Baatiis a hard, unleavened bread cooked in the desert areas of Rajasthan, and in Uttar Pradesh and Madhya Pradesh. Its prized for its long shelf life and high nutritional content, and in desert areas, for the minimal quantity of water required for its preparation. Baati is always eaten with dal. Baati is also closely related to Litti (cuisine) popular in Eastern UP and Western Bihar. Litti can be enjoyed with Chokha (a spice seasoned mash of potato, tomato and roasted aubergine).Baati can either be plain or have various kinds of fillings, including onions, peas, and sattu. Bafla is a kind of baati, which is softer. Bafla and baati are always eaten with hot dal with pure ghee and chutney.
2. Rabarri :
cream of milk boiled and condensed without use of any sugar. Some time Jaggery/Gur is used to sweeten it
3. Kebab :
Kebab (also kebap or kabab) is a Middle Eastern dish of pieces of meat, fish, or vegetables roasted or grilled on a skewer or spit originating in the Middle East, and later adopted in Central Asia and by the regions of the former Mongol Empire and later Ottoman Empire, before spreading worldwide. In American English, kebab with no qualification refers to shish kebab cooked on a skewer, whereas in Europe it refers to doner kebab, sliced meat served in a pita. In the Middle East, however, kebab refers to meat that is cooked over or next to flames; large or small cuts of meat, or even ground meat; it may be served on plates, in sandwiches, or in bowls. The traditional meat for kebab is lamb, but depending on local tastes and religious prohibitions, other meats may include beef, goat, chicken, pork or fish. Like other ethnic foods brought by travellers, the kebab has remained a part of everyday cuisine in most of the Eastern Mediterranean and South Asia. It is also popular among Western youth as a snack after a night-out.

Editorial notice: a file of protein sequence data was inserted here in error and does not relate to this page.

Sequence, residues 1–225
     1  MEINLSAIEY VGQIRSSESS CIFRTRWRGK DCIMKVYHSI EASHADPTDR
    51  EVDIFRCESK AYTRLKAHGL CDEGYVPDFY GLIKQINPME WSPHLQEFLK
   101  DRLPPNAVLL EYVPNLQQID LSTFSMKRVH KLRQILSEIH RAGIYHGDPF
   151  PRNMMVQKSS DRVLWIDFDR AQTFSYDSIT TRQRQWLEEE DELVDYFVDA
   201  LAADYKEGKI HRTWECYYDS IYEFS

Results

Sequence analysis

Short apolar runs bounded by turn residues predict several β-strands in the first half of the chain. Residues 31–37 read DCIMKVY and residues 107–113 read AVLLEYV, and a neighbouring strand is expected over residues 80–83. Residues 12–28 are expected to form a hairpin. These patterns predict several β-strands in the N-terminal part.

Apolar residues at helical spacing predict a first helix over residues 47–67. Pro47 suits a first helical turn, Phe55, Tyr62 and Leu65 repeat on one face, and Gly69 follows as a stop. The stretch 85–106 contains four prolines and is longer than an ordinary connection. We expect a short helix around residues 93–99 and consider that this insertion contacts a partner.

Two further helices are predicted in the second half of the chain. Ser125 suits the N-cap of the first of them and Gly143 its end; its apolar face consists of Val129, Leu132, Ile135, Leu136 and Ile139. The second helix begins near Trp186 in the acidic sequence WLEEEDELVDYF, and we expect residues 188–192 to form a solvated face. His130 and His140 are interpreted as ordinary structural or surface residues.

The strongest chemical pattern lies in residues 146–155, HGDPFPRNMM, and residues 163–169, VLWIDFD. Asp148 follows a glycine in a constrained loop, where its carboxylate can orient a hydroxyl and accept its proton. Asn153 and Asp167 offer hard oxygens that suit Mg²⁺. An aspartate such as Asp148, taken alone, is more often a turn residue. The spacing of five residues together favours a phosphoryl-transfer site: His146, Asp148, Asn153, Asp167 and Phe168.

4. Kaju Katli :
Kaju katli (also known as Kaju Katari or Kaju barfi) is an Indian dessert similar to a barfi. Kaju means cashew nut in Hindi. Barfi is often but not always, made by thickening milk with sugar and other ingredients (dry fruits and mild spices). The kaju barfi recipe that include saffron and is known as kesar kaju katli. The kesar version of this sweet dish is considered to be more exotic and rich.It is an expensive dessert as compared to its counterparts.
5. Gujia :
Gujia a cuisine of North India particularly Uttar Pradesh, Bihar, Madhya Pradesh and Rajasthan is a sweet dumpling made with suji or Maida flour wheat flour and stuffed with khoya.The packaging of a gujhia is very much like that of a samosa, however the gujhia has a very distinct shape. The gujhia is filled with a mixture of grated and roasted dry fruits, khoya, coconuts and to add a grainy texture, a little suji (coarse ground wheat flour).
6. Kadhi Bari :
these fried soft dumplings made of besan (gram flour) are cooked in a spicy gravy of yogurt and besan. It goes well over plain rice. India has a variety of kadhis, from different parts of the country. The Bihari kadhi is a one that uses badi (pakoda) dumplings. It is considered inauspicious in Bihar to prepare plain kadhi without any dumplings.For the badi, you need: a cup of gram flour (besan), chopped green chillies, asafoetida (hing), baking powder, oil for frying, and salt.For the kadhi, you need: two tablespoons of besan, a cup of thick curd, a couple of red chillies, black mustard seeds, curry leaves, asafoetida, half a teaspoon of chopped ginger (optional), a tablespoon of oil and salt.
7. Roti :
Roti is generally an Indian bread, made from stoneground wholemeal flour, traditionally known as atta flour, that originated and is consumed in India, Pakistan, Nepal, Sri Lanka and Bangladesh. It is also consumed in parts of South Africa, the southern Caribbean, particularly in Trinidad and Tobago, Guyana, and Suriname, and Fiji. Its defining characteristic is that it is unleavened. Indian naan bread, by contrast, is a yeast-leavened bread. A kulcha in Indian cuisine is a bread-like accompaniment, made of processed flour (Maida) leavened with yeast.